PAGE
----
After the 2016 Brexit referendum, in which voters decided to have the UK leave the European Union, the number of academics from EU countries leaving the United Kingdom for other university jobs increased by almost half, according to Times Higher Education.
Data from the UK’s Higher Education Statistics Agency show that from January to December 2017, 500 academics in the UK from other EU countries moved to different university jobs abroad, a sharp increase from 340 the year before. Meanwhile, the number of non-EU academics leaving the UK for university jobs elsewhere increased by 15 percent in 2017. Additionally, the number of EU academics leaving the UK for schooling or non-university positions increased by 43 percent, a jump twice as much as the increase in departures for non-EU nationals.
“In some aspects, the delay to the exit from the EU is the problem,” says Giulio Marini, a research associate at the University College London Institute of Education to Times Higher Education, adding that some academics are not taking jobs due to “uncertainty” over the UK’s access to funding and infrastructure in the EU.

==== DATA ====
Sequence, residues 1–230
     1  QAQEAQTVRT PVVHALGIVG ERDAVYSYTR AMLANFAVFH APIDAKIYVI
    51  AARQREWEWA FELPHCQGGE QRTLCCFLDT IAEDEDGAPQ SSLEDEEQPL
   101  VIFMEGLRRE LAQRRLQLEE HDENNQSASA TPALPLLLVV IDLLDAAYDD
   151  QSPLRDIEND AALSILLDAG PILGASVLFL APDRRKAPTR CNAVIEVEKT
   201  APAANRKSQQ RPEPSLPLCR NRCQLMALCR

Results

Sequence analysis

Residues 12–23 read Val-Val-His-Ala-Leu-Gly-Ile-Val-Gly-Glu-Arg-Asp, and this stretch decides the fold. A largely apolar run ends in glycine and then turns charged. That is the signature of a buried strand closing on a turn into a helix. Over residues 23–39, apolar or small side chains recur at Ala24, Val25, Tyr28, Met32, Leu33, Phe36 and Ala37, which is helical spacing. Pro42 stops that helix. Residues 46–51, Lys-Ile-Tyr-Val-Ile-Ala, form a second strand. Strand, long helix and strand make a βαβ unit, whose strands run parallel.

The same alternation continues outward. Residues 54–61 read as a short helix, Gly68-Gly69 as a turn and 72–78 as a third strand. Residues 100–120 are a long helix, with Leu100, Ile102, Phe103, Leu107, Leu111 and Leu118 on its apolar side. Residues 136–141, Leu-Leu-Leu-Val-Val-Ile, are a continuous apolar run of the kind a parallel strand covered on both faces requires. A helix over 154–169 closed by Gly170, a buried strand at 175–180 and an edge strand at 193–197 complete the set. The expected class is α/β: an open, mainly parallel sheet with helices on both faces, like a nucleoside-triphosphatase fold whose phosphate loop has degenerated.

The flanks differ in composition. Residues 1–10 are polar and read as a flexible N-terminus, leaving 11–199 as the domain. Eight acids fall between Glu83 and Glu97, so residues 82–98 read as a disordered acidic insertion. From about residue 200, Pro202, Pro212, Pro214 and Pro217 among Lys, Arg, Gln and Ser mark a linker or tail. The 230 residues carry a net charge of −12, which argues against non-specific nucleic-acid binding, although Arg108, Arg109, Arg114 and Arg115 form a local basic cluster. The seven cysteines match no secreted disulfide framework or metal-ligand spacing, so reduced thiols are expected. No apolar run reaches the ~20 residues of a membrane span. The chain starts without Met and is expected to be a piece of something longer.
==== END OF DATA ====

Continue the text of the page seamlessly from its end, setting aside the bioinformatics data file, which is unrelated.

Research funding from the European Union has fallen by 28 percent in the United Kingdom since 2015, a drop of more than $509 million, according to a report by the Royal Society on October 16.
The UK’s departure from the EU was recently pushed back to January 31, 2020, a three-month extension beyond the previous deadline of October 31, according to CNN. While the UK government has outlined a more expedient visa process for researchers and is shaping new forms of funding, such plans depend on an economy that is predicted to slow under Brexit, according to a Nature editorial.
Emily Makowski is an intern at The Scientist. Email her at firstname.lastname@example.org.